Collaborative Governance. What, When, and How?. Chris Ansell Department of Political Science University of California, Berkeley.
What, When, and How?
Department of Political Science
University of California, Berkeley
Collaborative governance is about multiples: we use it to manage conflict, improve coordination, and harness creativity where we have multiple stakeholders engaged in multilateral interactions about multi-dimensional issues.
A governing arrangement where one or more public agencies directly engage non-state stakeholders in a collective decision-making process that is formal, consensus-oriented and deliberative and that aims to make or implement public policy or manage public programs or assets.
The Desert Tortoise Steering Committee
Cities and Counties: Clark County, Las Vegas, North Las Vegas,
Henderson, Boulder City, Mesquite
Nevada State Offices: Office of Governor, Congressional
Delegation, Dept. of Wildlife, Dept. of Agriculture, Farm Bureau
Federal Agencies: Fish & Wildlife, Bureau of Land Management, National Park Service
Industry Groups: Summa Corp., So. Nevada Homebuilders Assoc., Joyce Advertising, Nevada Cattleman’s Assoc., Nevada Mining Assoc.
Environmental Groups: Desert Tortoise Council, TORT Group Nevada, Defenders of Wildlife, NRDC, EDF, Nature Conservancy
Exs: Natural Resource Management Disputes; Regulatory Negotiation
Ex: Social Work or Mental Health Case Management
Exs: Community health, Juvenile Justice, Crime Prevention
Conditions Favoring Collaborative Governance
1. Multiple interdependent stakeholders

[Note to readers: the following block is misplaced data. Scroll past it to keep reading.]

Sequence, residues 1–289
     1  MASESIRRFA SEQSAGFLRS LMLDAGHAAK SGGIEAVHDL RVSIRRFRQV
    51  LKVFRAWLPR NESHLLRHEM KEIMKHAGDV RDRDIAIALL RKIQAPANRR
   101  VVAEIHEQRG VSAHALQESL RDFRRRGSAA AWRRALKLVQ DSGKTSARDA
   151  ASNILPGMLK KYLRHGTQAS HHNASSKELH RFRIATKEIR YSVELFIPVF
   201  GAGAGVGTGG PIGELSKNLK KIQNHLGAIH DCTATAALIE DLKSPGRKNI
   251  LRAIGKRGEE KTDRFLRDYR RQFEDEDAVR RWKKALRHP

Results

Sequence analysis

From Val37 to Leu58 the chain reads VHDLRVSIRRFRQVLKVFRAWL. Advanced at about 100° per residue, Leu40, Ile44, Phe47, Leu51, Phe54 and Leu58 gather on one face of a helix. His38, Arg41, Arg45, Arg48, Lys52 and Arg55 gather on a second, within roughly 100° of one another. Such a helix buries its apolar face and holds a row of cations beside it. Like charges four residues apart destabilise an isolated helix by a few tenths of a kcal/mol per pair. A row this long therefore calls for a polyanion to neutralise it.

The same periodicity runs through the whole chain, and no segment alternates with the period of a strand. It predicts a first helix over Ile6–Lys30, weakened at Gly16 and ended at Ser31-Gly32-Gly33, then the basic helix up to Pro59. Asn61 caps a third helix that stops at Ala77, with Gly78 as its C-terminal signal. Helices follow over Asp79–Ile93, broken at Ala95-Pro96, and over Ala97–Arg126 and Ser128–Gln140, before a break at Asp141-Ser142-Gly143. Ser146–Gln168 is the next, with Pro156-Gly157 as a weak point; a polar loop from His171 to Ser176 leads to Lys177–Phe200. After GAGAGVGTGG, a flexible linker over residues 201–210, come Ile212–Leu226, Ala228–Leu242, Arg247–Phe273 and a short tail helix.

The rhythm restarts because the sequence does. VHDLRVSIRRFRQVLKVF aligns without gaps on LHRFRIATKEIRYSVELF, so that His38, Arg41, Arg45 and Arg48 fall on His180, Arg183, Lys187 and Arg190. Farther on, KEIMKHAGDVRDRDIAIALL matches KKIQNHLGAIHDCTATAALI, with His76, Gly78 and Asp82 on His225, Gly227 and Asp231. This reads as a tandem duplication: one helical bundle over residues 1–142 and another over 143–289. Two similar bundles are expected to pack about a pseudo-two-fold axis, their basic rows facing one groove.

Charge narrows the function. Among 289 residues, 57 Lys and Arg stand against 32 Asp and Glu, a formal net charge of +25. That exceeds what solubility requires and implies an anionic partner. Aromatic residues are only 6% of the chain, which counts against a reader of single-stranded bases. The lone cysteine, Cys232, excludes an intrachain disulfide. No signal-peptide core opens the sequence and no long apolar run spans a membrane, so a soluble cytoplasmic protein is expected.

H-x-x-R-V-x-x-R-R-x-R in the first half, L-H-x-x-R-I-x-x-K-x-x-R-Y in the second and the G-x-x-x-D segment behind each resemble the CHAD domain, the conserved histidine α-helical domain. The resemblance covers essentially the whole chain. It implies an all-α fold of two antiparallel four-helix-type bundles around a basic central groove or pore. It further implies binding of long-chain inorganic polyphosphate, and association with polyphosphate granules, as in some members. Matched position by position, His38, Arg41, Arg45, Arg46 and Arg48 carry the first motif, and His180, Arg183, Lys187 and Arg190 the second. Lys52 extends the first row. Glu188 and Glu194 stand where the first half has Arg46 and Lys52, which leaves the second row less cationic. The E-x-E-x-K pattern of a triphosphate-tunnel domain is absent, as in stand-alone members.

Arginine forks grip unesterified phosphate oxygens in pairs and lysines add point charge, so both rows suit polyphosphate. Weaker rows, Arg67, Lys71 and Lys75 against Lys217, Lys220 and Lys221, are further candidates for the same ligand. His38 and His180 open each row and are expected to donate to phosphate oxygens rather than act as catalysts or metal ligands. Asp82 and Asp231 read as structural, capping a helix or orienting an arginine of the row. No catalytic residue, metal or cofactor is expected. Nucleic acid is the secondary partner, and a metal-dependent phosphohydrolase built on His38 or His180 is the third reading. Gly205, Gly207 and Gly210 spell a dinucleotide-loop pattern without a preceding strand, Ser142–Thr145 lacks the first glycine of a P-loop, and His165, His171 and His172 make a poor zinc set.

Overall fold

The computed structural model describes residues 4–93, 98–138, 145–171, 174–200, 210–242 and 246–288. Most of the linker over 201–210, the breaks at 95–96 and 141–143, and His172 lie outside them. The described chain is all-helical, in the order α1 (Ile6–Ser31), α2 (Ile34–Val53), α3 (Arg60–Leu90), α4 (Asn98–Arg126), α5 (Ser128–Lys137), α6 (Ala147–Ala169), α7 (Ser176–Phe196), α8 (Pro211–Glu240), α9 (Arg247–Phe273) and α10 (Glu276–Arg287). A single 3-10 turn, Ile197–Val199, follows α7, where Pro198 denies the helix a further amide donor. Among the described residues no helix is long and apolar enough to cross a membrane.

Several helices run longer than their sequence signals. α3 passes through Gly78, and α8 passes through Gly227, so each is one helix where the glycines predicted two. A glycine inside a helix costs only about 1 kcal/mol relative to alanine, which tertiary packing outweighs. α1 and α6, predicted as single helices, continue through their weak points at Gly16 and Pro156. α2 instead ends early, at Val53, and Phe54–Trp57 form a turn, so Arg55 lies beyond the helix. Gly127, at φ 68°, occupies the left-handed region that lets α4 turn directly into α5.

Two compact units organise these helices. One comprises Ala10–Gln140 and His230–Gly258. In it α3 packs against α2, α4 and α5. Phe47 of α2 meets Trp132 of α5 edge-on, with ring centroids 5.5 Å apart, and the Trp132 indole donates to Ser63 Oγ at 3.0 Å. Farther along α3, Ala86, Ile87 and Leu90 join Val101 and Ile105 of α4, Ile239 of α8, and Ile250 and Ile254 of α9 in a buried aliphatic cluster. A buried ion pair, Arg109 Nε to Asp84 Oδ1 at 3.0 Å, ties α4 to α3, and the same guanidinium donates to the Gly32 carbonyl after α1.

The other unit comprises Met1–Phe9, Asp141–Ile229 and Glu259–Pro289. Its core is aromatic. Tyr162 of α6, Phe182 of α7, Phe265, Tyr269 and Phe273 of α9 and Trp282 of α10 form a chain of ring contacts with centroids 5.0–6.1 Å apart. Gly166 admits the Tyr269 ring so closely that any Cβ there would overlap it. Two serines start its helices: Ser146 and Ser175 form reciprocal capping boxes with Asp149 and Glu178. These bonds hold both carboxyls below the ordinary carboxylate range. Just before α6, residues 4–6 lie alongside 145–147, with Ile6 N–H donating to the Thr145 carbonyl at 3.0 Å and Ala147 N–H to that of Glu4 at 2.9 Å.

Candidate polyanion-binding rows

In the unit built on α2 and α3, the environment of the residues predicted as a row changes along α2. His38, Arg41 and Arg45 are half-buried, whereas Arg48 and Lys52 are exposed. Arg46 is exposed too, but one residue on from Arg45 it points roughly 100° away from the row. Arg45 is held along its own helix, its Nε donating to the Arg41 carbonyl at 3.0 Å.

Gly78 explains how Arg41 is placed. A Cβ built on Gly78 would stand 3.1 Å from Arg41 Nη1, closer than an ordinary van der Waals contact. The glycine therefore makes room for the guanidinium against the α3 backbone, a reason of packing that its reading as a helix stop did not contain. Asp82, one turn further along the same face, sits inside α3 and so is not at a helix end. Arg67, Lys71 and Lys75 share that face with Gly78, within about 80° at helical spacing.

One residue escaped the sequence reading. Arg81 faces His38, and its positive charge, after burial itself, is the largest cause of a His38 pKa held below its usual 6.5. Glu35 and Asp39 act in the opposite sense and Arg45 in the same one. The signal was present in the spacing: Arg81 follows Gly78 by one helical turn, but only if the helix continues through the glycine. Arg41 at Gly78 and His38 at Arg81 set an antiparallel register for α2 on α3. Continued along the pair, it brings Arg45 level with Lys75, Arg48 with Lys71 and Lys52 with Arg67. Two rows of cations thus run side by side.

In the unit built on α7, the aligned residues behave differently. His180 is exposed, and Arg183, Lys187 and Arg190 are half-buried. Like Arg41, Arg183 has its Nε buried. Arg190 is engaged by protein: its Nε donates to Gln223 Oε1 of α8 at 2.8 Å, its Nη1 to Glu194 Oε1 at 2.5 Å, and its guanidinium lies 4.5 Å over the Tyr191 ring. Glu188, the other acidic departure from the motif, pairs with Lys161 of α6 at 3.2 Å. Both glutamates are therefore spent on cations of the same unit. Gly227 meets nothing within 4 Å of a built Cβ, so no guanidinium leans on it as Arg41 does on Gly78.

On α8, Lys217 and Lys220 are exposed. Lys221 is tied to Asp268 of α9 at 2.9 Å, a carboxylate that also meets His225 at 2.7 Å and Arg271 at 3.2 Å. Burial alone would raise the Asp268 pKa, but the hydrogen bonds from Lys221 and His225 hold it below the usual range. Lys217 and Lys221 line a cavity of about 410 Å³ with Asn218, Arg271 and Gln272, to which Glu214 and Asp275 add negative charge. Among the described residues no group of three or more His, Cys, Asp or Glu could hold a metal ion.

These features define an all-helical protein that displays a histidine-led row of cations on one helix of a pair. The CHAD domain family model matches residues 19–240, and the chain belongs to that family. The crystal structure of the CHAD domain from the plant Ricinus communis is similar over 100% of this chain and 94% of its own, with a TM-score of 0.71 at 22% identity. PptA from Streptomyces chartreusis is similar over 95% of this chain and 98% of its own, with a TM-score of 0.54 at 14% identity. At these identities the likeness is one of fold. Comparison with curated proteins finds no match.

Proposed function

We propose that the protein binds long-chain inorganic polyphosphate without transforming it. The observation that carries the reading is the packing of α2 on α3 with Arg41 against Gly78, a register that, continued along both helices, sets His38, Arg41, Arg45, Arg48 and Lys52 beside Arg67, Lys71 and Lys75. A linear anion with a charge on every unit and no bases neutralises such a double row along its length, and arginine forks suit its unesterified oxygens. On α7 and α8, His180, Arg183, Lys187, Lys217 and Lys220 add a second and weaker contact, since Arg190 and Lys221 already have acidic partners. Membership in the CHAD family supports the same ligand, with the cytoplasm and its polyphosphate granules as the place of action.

2. Weak or absent hierarchy; where success depends on the voluntary commitment or investment of independent stakeholders or where stakeholder ideas or opinions are important for agenda-setting
3. Where the character of interdependence requires multilateral cooperation
4. Where the multi-dimensional character of issues requires high quality communication
Incentives for and Constraints on Participation
Prehistory of Cooperation or Conflict (initial trust level)
Clear Ground Rules
Commitment to Process
Four Process Thresholds
(1) Stakeholders agree to “come to the table.”
(2) Stakeholders recognize other stakeholders as legitimate interlocutors
(3) Stakeholders have a commitment to the collaborative process itself
(4) Stakeholders develop a sense of “joint ownership” of the process
Ansell, C. and A. Gash. 2008. “Collaborative Governance in Theory and Practice,” JPART,
C. Ansell and A. Gash. 2012. “Stewards, Mediators, and Catalysts: Towards a Model of Collaborative Leadership,” The Innovation Journal, 17, 1.
The Desert Tortoise Case
J. Wondolleck and S. Yaffee. 2000. Making Collaboration Work. Island Press.
Thom Reilly. 1998. “Collaboration in Action: An Uncertain Process,” Administration in Social Work.
Colorado Nurse-Family Partnership
Darin Hicks et al. 2008. “The Influence of Collaboration on Program Outcomes,” Evaluation Review, 32, 5: 453-477.
Eric Johnston et al. 2010. “Managing the Inclusion Process in Collaborative Governance, JPART, 21: 699-721.